We cover online casino blackjack bonuses in Chapter 3. In addition, land-based casinos offer blackjack bonuses in the form of bonus coupons.

Here's Steve Bourie, the author of the American Casino Guide, explaining the use of casino comps systems:

Blackjack coupons are an effective way to reduce the house edge. Casinos give coupons to players, usually first-time visitors or regular faces. By sacrificing the house edge for a short time, casinos hope that they can encourage people to stick around and continue playing.

Blackjack Bonus Coupon: This coupon does exactly what the name suggests: it gives you a bonus if you make blackjack. This often takes the form of a 2:1 payout on your first blackjack in a session. A 3:2 table pays out at 1.5x and a 6:5 table pays out at 1.2x. However, with this coupon you'll earn 2X more for hitting blackjack.

Matchplay Coupon: A matchplay coupon allows you to double one of your bets. If you placed a £20 bet, a matchplay coupon worth £20 would allow you to match it. If you hit blackjack for a 3:2 payout, your standard bet should net you a £30 profit, as would your matchplay bet. This means your total profit would be £60.

Blackjack - The complete guide
PART 6:

Blackjack card counting


Practice to track the dynamics of the deck by using card counting. Don't worry: you won't need to remember every card played. Keep a mental tally of cards that improve or worsen your changes to see when the deck is hot.

Most players know that the casino has a statistical advantage over them before they begin to play. This is known as the house edge. This is covered in more detail in the previous chapter.

But what if there was a game where clever strategy and brain training could help tip the odds back in your favour? Blackjack is that game. You just have to learn how to count cards first.

Card counting trainer

Learning card counting takes some time and patience. We wanted to make this easier and that's why we've built a card counting trainer to help you master this skill.

Card counting drill

How card counting works in blackjack

With a little practice, anyone can count cards when they play blackjack. You might think that card counting means you have to memorise every single card that comes out of the dealer's card shoe. In reality, it only requires you to keep a tally of specific cards while the game proceeds.

The ability to know how many cards of a certain value have already left the deck is invaluable in blackjack. This added information can give you a nod as to when to bet big.

The deck is ‘hot' when there are more high-value cards left in the deck. These cards will:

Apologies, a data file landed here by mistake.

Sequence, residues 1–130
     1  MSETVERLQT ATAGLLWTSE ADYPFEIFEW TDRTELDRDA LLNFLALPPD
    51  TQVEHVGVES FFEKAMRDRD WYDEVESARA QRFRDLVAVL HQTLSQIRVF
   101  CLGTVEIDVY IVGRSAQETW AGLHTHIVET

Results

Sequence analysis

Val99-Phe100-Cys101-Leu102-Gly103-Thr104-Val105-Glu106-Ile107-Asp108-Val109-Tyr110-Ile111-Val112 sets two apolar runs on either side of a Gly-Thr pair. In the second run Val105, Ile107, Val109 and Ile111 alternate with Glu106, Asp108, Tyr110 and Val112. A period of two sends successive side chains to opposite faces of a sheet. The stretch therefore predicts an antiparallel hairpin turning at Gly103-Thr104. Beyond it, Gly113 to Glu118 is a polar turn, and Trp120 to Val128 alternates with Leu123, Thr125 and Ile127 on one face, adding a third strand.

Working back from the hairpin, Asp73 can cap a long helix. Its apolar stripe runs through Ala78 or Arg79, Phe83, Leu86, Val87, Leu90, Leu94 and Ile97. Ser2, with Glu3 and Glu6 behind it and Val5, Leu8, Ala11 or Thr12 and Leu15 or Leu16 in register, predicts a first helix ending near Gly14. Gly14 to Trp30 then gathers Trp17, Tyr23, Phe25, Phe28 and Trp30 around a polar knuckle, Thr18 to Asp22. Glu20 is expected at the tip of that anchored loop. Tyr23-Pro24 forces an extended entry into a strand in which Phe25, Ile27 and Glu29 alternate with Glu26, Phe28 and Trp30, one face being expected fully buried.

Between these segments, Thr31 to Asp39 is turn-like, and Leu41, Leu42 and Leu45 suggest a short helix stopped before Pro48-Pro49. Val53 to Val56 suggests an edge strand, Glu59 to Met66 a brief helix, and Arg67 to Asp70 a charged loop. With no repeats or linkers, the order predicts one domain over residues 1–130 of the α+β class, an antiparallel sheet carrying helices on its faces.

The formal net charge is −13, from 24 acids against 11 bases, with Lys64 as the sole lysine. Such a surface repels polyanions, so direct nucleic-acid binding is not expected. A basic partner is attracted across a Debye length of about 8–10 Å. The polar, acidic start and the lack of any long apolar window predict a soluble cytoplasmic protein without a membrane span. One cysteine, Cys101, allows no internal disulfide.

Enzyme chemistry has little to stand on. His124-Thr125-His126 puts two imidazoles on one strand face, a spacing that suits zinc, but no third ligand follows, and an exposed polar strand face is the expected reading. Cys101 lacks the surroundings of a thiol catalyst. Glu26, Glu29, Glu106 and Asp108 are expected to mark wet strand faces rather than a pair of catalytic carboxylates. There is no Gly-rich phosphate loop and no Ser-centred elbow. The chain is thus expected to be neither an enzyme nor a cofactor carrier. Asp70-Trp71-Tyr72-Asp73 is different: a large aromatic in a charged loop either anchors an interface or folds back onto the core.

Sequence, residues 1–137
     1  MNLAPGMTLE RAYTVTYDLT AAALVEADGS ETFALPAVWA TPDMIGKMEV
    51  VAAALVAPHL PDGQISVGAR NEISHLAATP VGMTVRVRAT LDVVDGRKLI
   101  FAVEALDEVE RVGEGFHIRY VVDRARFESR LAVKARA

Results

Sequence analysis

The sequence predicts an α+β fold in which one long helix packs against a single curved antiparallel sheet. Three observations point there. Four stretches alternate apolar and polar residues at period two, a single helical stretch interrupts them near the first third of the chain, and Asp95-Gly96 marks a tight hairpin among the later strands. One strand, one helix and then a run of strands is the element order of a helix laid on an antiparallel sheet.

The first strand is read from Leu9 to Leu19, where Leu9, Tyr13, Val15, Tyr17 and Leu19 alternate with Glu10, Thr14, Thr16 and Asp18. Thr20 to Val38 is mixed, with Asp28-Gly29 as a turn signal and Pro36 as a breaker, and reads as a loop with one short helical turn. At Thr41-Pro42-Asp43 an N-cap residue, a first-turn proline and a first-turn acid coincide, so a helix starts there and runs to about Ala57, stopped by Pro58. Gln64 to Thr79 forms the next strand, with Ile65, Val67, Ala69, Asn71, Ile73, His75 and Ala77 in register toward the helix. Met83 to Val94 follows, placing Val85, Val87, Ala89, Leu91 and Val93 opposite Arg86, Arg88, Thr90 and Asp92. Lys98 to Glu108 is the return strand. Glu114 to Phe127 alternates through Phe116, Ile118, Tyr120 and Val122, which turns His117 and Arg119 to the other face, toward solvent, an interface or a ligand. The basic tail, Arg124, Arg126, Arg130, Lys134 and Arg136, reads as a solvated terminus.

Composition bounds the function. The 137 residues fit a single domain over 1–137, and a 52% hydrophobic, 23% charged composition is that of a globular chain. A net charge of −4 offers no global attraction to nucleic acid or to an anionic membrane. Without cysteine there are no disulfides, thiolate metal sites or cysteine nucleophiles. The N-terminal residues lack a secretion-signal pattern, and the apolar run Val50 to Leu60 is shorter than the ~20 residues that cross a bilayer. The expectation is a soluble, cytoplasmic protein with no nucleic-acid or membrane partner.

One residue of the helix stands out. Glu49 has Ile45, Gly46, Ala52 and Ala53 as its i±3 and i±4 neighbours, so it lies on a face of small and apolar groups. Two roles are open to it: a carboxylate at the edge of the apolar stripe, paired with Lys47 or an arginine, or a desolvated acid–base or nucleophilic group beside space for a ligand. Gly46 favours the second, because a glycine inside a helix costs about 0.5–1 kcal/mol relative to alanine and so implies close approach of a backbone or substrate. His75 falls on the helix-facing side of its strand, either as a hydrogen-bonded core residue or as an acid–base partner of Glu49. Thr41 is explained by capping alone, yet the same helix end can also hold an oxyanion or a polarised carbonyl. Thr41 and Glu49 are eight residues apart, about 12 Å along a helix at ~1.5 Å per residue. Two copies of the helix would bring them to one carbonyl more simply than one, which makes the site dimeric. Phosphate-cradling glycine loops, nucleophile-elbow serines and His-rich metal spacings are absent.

• help the dealer go bust, and
  • give you a better chance of getting a natural blackjack

You can then use this information to determine your bet size: bigger bets when the odds are in your favour, smaller bets when the deck is cold.

If you play an appropriate card counting strategy at the blackjack tables it can improve your chances of winning by 1%. Although this might not sound like a lot, over several hours of gameplay and hundreds of hands, this can have a serious impact on your blackjack bottom line.

There are several card counting strategies for blackjack, some of which we'll go into in greater detail now to give you the best possible chance of beating the dealer.

Learning the Hi-Lo card counting systems

Arguably the easiest and quickest card counting strategy to learn for playing blackjack is the hi-lo system. Every card in a 52-card deck is assigned a value of -1, +1 or 0. This is a system that is most commonly used by amateur blackjack players that want to dabble with card counting strategy for fun.

The hi-lo card counting strategy is known as a ‘balanced system'. That's because if all cards in a 52-card deck were counted, the eventual balance would be zero. Here's how each card is valued:

blackjack HiLo card counting

+1 cards

  • 2-6 – the lowest cards in the deck – get a value of +1.

0 (neutral) cards

  • 7-9 – the cards midway through the deck – get a value of 0. These are neutral cards that don't affect the count.

-1 cards

  • Tens, faces and aces – the highest cards – get a value of -1.

If you choose to adopt the hi-lo card counting strategy, you must keep a basic mental tally of three groups of cards. You'll need to memorise the values attributed to each card that can come out of the deck before you can master the running count.

How to learn the running count